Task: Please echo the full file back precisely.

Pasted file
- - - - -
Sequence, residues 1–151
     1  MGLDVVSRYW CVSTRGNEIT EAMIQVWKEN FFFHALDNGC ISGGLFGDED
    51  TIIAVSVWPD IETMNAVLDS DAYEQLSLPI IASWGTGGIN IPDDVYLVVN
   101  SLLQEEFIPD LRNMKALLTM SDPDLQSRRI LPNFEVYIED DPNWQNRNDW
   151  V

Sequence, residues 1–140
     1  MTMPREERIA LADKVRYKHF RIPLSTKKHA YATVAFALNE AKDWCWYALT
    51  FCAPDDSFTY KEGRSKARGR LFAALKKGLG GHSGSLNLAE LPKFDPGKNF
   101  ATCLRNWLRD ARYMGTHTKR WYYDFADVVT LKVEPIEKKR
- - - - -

Sequence, residues 1–151
     1  MGLDVVSRYW CVSTRGNEIT EAMIQVWKEN FFFHALDNGC ISGGLFGDED
    51  TIIAVSVWPD IETMNAVLDS DAYEQLSLPI IASWGTGGIN IPDDVYLVVN
   101  SLLQEEFIPD LRNMKALLTM SDPDLQSRRI LPNFEVYIED DPNWQNRNDW
   151  V

Sequence, residues 1–140
     1  MTMPREERIA LADKVRYKHF RIPLSTKKHA YATVAFALNE AKDWCWYALT
    51  FCAPDDSFTY KEGRSKARGR LFAALKKGLG GHSGSLNLAE LPKFDPGKNF
   101  ATCLRNWLRD ARYMGTHTKR WYYDFADVVT LKVEPIEKKR